Avoiding Contractor Liens Against Your Property
How many times have you as a homeowner been worried that the contractor you hire for the project you have in mind may end up filing contractor liens against your property, and worse, against your will? It happens more often than one may think but hopefully our How To End Up With A Contractors Lien Against Your House article will provide you with insights to help ensure that such a thing will never happen to you!
A little background on Contractor Liens
Contractors Liens were established to ensure that contractors would receive a level of protection when a customer-owner of a property failed to pay for services rendered. Of course, the counter weight to this has been the requirement that contractors be licensed and in many cases state certified so that the property owner also has some level of assurance that when they pay or give a deposit, they won't have to worry about ever seeing their money again (and sincerely why it is a good idea to ask a small jobs contractor if they are bonded such that if they do run off with your money, the bond will pay you while the bondsman goes out and finds the contractor!).
This being said, when a homeowner has a contractor perform work on their property, it is strongly recommended and actually a non-negotiable requirement that a homeowner request a Waiver of Lien from the contractor stating that they are releasing the property owner of any future claims. Specifically, a waiver of lien (or lien waiver) is a document from a contractor, subcontractor, materials supplier, equipment lessor or other party stating the contractor has received payment and thereby waives any future lien rights to the property for the amount paid. This gives the homeowner assurance that after the job is paid for, the property owner won't come to find out later that either the contractor in charge of the project, an unpaid subcontractor, or even an equipment vendor has, to the homeowners surprise, filed a lien against the homeowner's property because they were not paid for services or products provided. Without this Waiver, any unpaid amounts to any entity involved in the project may and can end up as a lien against the property. And unless the homeowner can produce this document, the homeowner may have to pay that subcontractor or vendor again to have the lien removed!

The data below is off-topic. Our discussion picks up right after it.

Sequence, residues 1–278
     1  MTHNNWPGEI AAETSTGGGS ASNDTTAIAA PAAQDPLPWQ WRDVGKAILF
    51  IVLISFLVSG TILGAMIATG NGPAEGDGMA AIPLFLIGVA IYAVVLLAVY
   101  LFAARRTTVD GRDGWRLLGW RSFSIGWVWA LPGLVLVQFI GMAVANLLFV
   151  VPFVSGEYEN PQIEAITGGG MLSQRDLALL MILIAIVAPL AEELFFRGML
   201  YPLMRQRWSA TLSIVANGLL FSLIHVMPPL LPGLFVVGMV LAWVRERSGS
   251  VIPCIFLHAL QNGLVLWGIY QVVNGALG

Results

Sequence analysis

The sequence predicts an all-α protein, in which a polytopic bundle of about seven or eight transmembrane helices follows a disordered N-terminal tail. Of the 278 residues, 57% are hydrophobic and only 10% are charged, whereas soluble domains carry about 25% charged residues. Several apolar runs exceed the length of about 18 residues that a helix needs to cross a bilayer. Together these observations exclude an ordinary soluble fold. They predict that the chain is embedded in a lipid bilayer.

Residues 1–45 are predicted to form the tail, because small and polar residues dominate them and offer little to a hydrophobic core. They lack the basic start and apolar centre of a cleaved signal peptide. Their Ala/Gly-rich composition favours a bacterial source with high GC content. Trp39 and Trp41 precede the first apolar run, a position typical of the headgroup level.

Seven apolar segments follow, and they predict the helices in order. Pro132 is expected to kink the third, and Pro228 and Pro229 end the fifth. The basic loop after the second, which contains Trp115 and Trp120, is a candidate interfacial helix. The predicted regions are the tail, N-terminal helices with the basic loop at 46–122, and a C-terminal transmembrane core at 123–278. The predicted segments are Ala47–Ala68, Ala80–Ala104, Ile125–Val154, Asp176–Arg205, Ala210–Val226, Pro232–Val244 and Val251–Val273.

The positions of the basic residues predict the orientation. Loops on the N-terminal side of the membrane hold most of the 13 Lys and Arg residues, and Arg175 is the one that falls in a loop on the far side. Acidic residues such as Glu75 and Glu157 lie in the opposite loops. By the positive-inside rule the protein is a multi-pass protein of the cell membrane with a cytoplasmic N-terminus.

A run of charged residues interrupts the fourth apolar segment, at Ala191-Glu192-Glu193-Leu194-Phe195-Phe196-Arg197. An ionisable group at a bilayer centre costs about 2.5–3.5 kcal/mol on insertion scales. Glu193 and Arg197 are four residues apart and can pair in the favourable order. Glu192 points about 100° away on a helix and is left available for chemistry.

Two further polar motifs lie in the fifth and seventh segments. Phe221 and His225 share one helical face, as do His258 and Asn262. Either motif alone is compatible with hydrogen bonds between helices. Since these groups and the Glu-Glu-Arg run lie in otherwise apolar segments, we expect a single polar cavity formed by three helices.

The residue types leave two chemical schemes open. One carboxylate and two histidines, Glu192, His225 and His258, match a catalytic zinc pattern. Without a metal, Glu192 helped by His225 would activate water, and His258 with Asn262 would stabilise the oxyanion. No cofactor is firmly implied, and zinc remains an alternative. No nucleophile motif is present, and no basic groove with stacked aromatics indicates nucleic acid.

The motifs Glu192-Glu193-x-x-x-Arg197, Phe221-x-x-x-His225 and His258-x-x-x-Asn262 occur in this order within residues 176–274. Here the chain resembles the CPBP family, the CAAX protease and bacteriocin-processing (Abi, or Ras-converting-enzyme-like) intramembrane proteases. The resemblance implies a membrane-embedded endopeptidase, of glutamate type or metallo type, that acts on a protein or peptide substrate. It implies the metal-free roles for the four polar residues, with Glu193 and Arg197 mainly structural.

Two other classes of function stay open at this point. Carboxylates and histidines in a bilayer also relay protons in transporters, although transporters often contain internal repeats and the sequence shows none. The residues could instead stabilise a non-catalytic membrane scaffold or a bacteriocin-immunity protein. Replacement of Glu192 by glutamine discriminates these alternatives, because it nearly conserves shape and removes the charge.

How to End Up With a Contractors Lien Against Your House
Many times, when a homeowner is attempting to get estimates for work projects such as a roof replacement. They evidently want the work done, and of course, they want it at the best possible price. But what exactly is the best possible price in the eyes of a normal forward thinking person? Well, at the end of the day, most people just want to know they are getting a deal, and that they just simply did not over pay. And this is a fair expectation! Nothing wrong with that. The problem is: most service providers do a poor job at expressing and/or communicating to a prospective customer the VALUE of their services to the point that they begin to treat their service more as a commodity (where it becomes a race to the bottom on pricing). However, this “race to the bottom” approach can potentially create a whole new set of problems for the contractor AND the homeowner—even if the contractor had no intention of ever filing any kind of contractor lien against their customer! On the other hand, the property owner is so focused on price that they fail to realize this may be putting them in potential jeopardy down the road when their bargain price comes back to haunt them as liens filed against their property!
How Did It Happen?
Take for example, a well known and established contracting company which has been around for over two decades. And say the company was evidently taken over by new management. Unfortunately, the new managers don't really understand the value of their services such that they quickly engaged in the practice of being a regular low bidder on jobs. This practice effectively ensures that they would get contracts much of the time. And from their customers point of view, they were pleased and happy that they got a great deal because of course, they would not be paying what the higher bidders were asking. Coincidentally, say some of the homeowners didn't even pick the lowest estimate (despite this contractor believing their bid is the lowest, the customers sometimes choose the in between bidder). However, and despite all good intentions by the new managers, a tremendous nightmare begins to brew at the contractor that even the managers don't realize will be occurring (yet)!